Baby Antibiotics Superior WI

Conventional wisdom tells us that babies and germs make a bad mix. Since children's immune systems generally aren’t fully functional until their second birthday, diligent moms and dads pay special attention to cleanliness and proper sanitation. And when babies come down with bugs, well-intentioned pediatricians often prescribe broad'spectrum antibiotics.

Duluth Clinic - Duluth Clinic-Superior- Patient Ac
(715) 395-5454
3500 Tower Avenue
Superior, WI
 
St Mary's Hospital of Superior Te of St Mry's MDCL
(715) 395-5454
3500 Tower Avenue
Superior, WI
 
Pierpont Robert MD
(715) 395-5454
3500 Tower Avenue
Superior, WI
 
Bakken Johan MD
(218) 249-7990
1001 East Superior Street
Duluth, MN
 
Miller Roger MD
(218) 249-7980
1001 East Superior Street
Duluth, MN
 
Kulkarni Suresh MD
(715) 395-5454
3500 Tower Avenue
Superior, WI
 
David Paul Harper, MD
39 N 25th St E
Superior, WI
Specialties
Pediatrics
Gender
Male
Education
Medical School: Uniformed Services Univ Of The Hlth Sci, Bethesda Md 20814
Graduation Year: 2001

Data Provided by:
Sura Patrick MD
(715) 395-5454
3500 Tower Avenue
Superior, WI
 
Northstar Physicians Inc
(218) 722-8802
600 East Superior Street Suite 502
Duluth, MN
 
Malcolm L Mc Cutcheon, MD
Duluth, MN
Specialties
Pediatrics, Adolescent Medicine-Pediatrics
Gender
Male
Education
Medical School: Univ Of Wi Med Sch, Madison Wi 53706
Graduation Year: 1961

Data Provided by:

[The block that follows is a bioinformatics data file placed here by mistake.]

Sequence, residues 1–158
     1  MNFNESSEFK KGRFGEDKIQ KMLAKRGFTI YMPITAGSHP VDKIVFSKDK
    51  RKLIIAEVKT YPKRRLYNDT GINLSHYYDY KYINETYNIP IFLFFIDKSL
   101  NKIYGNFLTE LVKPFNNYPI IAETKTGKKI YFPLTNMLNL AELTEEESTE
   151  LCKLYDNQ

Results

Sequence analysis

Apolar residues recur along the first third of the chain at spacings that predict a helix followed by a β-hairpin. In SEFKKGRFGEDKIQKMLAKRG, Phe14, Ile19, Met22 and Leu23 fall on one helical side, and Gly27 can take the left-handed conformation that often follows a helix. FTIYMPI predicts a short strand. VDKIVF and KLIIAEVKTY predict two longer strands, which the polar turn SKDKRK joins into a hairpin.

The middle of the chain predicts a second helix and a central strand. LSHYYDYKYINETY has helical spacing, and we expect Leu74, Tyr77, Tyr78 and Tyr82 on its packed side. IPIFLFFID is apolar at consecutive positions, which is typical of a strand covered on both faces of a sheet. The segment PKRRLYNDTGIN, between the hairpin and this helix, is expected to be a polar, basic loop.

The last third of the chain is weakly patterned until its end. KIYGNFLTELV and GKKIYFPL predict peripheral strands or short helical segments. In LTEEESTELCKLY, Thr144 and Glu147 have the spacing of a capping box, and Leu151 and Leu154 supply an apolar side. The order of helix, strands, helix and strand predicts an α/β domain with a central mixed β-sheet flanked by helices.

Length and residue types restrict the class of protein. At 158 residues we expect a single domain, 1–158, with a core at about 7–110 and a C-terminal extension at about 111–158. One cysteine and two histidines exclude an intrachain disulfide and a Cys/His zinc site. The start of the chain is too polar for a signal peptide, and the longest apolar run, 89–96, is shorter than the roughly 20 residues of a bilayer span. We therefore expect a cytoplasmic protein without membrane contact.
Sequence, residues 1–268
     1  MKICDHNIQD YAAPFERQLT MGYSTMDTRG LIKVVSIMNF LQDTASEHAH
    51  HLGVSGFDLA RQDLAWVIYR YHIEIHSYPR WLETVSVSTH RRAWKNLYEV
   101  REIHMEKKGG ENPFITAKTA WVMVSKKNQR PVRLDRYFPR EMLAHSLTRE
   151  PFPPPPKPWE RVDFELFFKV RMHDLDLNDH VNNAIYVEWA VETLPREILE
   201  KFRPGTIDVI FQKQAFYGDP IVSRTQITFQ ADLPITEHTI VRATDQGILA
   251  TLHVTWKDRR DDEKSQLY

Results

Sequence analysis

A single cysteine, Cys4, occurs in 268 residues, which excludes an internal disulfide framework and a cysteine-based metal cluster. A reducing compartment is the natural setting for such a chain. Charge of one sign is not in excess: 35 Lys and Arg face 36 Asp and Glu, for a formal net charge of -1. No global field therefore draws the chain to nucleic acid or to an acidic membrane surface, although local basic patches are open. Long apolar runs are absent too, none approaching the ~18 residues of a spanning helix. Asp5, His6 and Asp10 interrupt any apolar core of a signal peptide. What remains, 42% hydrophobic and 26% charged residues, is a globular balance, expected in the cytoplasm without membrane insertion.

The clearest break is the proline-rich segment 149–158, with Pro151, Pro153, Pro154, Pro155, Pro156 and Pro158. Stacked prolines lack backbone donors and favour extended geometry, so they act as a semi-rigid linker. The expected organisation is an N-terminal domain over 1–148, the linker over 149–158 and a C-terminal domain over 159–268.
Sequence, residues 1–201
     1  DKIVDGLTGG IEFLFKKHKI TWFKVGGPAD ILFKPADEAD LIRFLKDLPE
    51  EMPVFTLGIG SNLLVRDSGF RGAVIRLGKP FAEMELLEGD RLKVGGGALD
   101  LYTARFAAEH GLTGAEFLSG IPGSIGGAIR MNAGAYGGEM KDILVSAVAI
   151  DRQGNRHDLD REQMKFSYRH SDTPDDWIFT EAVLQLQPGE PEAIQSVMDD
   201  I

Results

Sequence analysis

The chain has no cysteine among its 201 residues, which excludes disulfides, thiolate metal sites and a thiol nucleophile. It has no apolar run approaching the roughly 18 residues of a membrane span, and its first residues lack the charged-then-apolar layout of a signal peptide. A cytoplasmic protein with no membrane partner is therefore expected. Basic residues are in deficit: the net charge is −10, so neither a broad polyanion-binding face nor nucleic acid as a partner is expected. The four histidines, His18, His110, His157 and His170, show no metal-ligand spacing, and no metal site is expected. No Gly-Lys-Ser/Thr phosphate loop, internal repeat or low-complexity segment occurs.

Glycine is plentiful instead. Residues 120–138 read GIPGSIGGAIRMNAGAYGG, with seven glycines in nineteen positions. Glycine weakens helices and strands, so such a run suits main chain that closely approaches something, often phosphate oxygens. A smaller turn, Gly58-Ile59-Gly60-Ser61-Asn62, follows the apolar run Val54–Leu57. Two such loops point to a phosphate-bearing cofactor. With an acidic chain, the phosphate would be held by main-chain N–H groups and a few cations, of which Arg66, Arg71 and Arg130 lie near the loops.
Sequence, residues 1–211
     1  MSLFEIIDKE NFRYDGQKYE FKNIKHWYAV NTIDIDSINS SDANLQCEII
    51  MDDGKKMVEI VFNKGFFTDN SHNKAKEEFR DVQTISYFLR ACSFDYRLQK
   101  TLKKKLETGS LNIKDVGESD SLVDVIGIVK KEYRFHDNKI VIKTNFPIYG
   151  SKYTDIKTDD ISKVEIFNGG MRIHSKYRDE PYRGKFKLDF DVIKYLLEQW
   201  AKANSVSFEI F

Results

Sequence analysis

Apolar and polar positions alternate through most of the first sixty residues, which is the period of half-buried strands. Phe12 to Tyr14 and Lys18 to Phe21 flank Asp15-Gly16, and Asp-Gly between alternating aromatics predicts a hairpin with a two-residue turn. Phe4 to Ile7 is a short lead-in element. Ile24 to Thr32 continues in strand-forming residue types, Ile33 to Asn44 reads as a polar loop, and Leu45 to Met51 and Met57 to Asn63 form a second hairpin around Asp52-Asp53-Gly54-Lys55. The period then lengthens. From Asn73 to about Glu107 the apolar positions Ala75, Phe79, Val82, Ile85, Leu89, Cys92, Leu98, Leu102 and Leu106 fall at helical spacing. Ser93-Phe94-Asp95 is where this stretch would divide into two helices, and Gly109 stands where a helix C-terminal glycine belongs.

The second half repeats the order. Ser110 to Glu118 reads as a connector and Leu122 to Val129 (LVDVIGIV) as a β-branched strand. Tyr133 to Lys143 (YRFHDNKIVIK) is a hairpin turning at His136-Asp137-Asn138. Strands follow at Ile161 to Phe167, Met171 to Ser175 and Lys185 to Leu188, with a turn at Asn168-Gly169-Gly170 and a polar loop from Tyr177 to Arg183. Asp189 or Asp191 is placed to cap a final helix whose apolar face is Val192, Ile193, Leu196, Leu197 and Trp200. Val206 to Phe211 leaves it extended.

Data Provided by:

Babies, Antibiotics, and Asthma

Provided by: 

By Kris Kucera

Conventional wisdom tells us that babies and germs make a bad mix. Since children’s immune systems generally aren’t fully functional until their second birthday, diligent moms and dads pay special attention to cleanliness and proper sanitation. And when babies come down with bugs, well-intentioned pediatricians often prescribe broad-spectrum antibiotics. Unfortunately, giving antibiotics to infants—even just one course—in their first year of life may double their susceptibility to asthma, compared to antibiotic-free babies, according to researchers from the University of British Columbia, along with BC’s Centre for Disease Control and Centre for Clinical Epidemiology and Evaluation. Scrutinizing eight studies, which surveyed more than 12,000 children, the researchers’ data indirectly support the hygiene hypothesis—the idea that in developed countries, kids’ reduced exposure to germs may actually impede their immune responses. Critics argue that although pediatric exposure to germs is essential, certain bacterial infections necessitate antibiotic treatment as a safety measure. Also, they point out, the hygiene hypothesis fails in inner cities, where asthma rates in underprivileged youths have soared, even though most of these kids live amid substandard levels of hygiene. With the jury still out, concerned parents should ask their pediatricians for blood work before they agree to medicate their infants, preventing needless antibiotic treatments for viral infections or illnesses with undetermined causes.

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